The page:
Xbox Head Phil Spencer Addresses Toxicity In Gaming And Outlines A Plan To Combat It
In a newly published op-ed by Phil Spencer, the Xbox executive outlines the Xbox team’s plans to fight toxicity in gaming. Leading with a short anecdote about how gaming served as a portal for him and his father to begin programming, Spencer then transitions into the two “fundamental truths” he holds about gaming: Gaming is for everyone, and it should protect everyone who partakes in it.
“If you imagine gamers as predominantly men and specifically teen boys, think again,” Spencer says. “We are a 2.6 billion-person strong community of parents playing with our kids, adventurers exploring worlds together, teachers making math wondrous, grandmothers learning about their grandchildren through play, and soldiers connecting with their folks back home. Most gamers today are adults; nearly half are women.”
Spencer continues to overview the ways games and gamers have been “dismissed or maligned,” offering counters to this viewpoint with multiple studies showing the mental, social, and academic benefits gaming offers both children and adults.
“Gaming is uniquely designed for equality,” Spencer says. “We don’t just walk in someone’s shoes – we stand on equal footing, regardless of age, education, socioeconomics, race, religion, politics, gender, orientation, ethnicity, nationality, or ability.”
Spencer then outlines his and Xbox’s plan to combat toxicity. The first step, says Spencer, is to expand the reach and scope of the Xbox Safety team, nicknamed the “Defenders of Joy.”
“A welcoming community is the key to a safe community,” Spencer says. “Our 150,000 Xbox Ambassadors – community leaders, stewards, and allies – will be engaged to embark on new community missions to help create an inviting and safe environment for all gamers.”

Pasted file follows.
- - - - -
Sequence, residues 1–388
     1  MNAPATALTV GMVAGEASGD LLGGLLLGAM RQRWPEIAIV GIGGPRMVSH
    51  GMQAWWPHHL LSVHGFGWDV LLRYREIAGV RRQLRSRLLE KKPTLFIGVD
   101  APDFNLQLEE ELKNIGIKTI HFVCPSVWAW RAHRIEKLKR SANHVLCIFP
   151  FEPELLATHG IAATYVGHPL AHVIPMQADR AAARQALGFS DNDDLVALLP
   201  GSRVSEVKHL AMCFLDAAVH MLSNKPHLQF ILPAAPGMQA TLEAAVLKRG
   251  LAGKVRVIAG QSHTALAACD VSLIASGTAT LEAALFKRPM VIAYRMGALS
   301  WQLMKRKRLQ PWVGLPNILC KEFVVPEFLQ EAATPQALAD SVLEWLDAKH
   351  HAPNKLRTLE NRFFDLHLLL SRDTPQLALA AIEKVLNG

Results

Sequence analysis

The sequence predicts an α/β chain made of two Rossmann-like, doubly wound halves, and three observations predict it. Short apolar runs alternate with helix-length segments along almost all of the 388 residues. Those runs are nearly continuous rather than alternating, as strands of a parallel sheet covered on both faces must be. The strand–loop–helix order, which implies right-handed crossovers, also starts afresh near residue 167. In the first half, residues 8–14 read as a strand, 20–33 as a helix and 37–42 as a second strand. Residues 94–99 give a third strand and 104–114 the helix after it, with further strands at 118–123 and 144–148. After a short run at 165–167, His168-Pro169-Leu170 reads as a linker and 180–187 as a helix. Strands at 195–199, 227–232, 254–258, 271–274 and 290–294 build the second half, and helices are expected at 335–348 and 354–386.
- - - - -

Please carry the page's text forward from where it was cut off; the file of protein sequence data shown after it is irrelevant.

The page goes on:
Additionally, Spencer delves into content moderation for children and teens, citing workshops and online resources Microsoft has offered to parents looking to protect their children from adult content or online harassment. Spencer also mentions the upcoming “Gaming Summer Camps,” where children can be offered “new ways to explore life skills and practice healthy habits that can be used in gaming and everyday life.”
“We’re innovating now in these and other concrete ways to reduce, filter, and develop a shared understanding of toxic experiences, and to ultimately put our community of gamers, and their parents or guardians, in control of their own experiences,” Spencer says.
According to Spencer, Microsoft intends to share this technology and knowledge with police and other technology companies to create a safer universal gaming space.
Closing his statement, Spencer cites the approaching launch of streaming services such as Microsoft’s Project Xcloud, as well as the Apple Arcade and Google Stadia, to stress the importance of immediate improvements to player safety from abuse and harassment.
“Our industry must now answer the fierce urgency to play with our fierce urgency for safety,” Spencer says. “We invite everyone who plays games, and industry partners, to join us in following these principles to help unify the world and do our part: make gaming accessible for everyone and protect gamers, one and all.”
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